Research Guide: How Do I Trust Information That I Found Online?
When you use a book from a library, it has been through many stages to insure accuracy: publisher, editor, reviewer, selection by librarian.
- The Publisher — Is it good enough to publish?
If yes, send it to….
- The Editor
How can we make it better? Are there errors? After much work, send it to…
- The Reviewer — Thumbs up! Thumbs down!
Who reads the reviews?….
- The Librarian — Will this be good for Holy Cross students?
If I can only buy the best 500 books a year, is this one worth it?
When you use a website, it is possible that no one has ever reviewed the information for accuracy. Remember: Anyone can put anything up on the web: fake facts, hateful speech, unintentional errors. There is no one governing body that checks online information.
You need to ask these questions:
Does it fit with what I already know?
Use your common sense. Christopher Columbus didn’t provide laptops to Native Americans — but one website says he did!
Does it refer to other sources?
Look for links and references that you can check out.
Is the author an expert in the field?
The website of the American Lung Association is going to be a better source for your report than Joe’s “How I Cured My Asthma in 30 Days by Drinking Papaya Juice” website.
Is it dated? Is there a contact person?
Timeliness and authorship matter.
Why is someone giving this information away for free?
Many websites exist primarily to sell you something. Advertisers get paid for the number of “eyeballs” that the site gets.
Are spelling and grammar correct?
I found a factually accurate site about Women in Ancient Greece — only the occasional misspelled words gave it away, that its author was “Heather, age 9.” Heather did a nice job, but she is not a valid source for your research project.
Here’s a checklist to help make sure a web site is a source of valid, reliable information. If a website does not fit into these categories, check with a librarian or teacher before including it in your bibliography:
- It came from a subscription database, where the content has been reviewed, such as an online encyclopedia, ProQuest, netTrekker.
- It came from a site with a .gov domain, such as the Department of State, the CDC, the Census Bureau, the Library of Congress.
- It came from a site that is authored by a reputable organization, such as the National Geographic Society, Emory University, the Atlanta History Center, American Lung Association, PBS.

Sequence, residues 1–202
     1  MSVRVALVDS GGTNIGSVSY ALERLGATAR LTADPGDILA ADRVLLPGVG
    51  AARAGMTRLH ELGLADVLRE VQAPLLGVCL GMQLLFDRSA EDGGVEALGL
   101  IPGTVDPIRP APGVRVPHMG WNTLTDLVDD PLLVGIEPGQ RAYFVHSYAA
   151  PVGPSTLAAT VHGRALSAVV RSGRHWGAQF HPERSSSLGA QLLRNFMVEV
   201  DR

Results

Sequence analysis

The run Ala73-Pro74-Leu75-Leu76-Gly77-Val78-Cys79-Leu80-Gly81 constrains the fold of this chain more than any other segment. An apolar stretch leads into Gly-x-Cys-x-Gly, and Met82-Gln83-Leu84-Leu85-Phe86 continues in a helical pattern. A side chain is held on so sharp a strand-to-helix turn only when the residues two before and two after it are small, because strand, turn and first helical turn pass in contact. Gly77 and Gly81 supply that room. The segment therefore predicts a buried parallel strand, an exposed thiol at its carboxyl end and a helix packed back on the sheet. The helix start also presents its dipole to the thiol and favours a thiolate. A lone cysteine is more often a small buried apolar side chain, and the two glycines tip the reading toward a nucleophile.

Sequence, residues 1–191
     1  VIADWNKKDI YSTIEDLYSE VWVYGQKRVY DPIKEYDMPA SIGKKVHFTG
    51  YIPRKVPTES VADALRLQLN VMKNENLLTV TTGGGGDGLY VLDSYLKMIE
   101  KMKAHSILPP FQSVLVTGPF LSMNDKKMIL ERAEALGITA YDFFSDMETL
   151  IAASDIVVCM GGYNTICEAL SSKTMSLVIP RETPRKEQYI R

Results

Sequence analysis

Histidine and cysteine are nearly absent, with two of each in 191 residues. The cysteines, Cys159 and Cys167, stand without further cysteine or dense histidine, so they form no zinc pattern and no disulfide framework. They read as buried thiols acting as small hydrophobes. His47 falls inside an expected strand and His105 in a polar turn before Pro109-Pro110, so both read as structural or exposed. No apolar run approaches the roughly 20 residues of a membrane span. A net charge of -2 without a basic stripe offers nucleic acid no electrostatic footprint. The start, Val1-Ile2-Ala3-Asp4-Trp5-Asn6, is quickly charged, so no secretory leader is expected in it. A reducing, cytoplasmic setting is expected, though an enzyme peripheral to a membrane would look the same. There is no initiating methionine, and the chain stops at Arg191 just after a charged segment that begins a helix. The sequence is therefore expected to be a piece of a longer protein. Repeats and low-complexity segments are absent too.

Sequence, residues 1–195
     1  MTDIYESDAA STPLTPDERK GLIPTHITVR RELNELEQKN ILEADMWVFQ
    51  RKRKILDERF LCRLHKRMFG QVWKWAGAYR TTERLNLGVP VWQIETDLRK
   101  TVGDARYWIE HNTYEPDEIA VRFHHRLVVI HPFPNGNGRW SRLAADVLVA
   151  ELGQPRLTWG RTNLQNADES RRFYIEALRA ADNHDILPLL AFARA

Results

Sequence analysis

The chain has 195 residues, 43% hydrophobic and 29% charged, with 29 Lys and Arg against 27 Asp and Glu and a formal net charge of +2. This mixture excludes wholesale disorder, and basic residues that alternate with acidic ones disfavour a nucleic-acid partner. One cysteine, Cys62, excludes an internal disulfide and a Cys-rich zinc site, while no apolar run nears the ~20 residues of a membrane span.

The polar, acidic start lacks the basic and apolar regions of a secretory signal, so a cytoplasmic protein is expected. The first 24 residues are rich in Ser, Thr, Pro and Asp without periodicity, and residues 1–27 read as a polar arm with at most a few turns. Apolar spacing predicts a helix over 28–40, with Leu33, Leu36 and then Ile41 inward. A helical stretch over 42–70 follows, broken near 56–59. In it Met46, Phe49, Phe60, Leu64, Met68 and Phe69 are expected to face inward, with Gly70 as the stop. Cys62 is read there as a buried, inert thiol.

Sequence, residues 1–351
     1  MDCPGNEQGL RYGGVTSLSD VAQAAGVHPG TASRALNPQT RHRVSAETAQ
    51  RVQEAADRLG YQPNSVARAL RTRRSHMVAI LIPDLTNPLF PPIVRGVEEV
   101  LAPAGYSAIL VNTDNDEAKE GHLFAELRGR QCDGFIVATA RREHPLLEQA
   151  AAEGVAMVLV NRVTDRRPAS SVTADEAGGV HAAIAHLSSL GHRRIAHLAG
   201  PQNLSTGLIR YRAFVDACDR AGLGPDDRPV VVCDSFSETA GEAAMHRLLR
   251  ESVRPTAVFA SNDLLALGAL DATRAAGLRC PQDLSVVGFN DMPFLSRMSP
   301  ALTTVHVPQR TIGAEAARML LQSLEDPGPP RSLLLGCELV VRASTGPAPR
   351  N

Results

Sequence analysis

- It is a primary document–a document that has not been interpreted — such as copies of the letters of U.S. Grant; the log of Columbus; the U.S. Constitution; a speech by Martin Luther King; diaries, receipts, and other original papers.
And — What About Wikipedia?
Wikipedia is an amazingly efficient and useful tool. It is an invaluable resource and students should understand how it works; in fact, they should contribute to it if they have knowledge to share. One study shows more factual errors in The New Enyclopedia Britannica than in Wikipedia. It is worth reviewing Wikipedia’s own advice:
Because Wikipedia is an ongoing work to which, in principle, anybody can contribute, it differs from a paper-based reference source in important ways. In particular, older articles tend to be more comprehensive and balanced, while newer articles more frequently contain significant misinformation, unencyclopedic content, or vandalism. Users need to be aware of this to obtain valid information and avoid misinformation that has been recently added and not yet removed (see Researching with Wikipedia for more details). However, unlike a paper reference source, Wikipedia is continually updated, with the creation or updating of articles on topical events within seconds, minutes, or hours, rather than months or years for printed encyclopedias.Given the dynamic nature of Wikipedia, however, it should not be used as the only source when doing research.
Often a Wikipedia article is factually correct but the tenor, shape or perspective of the article is biased. For example, businesses monitor their sites closely to make sure they are portrayed in the best possible light; research on the Exxon Valdiz oil spill confirms it. One interesting search showed that thousands of edits came from Senate and congressional offices — our politicians watch their Wikipedia entries closely and shape them to present themselves in the best possible light.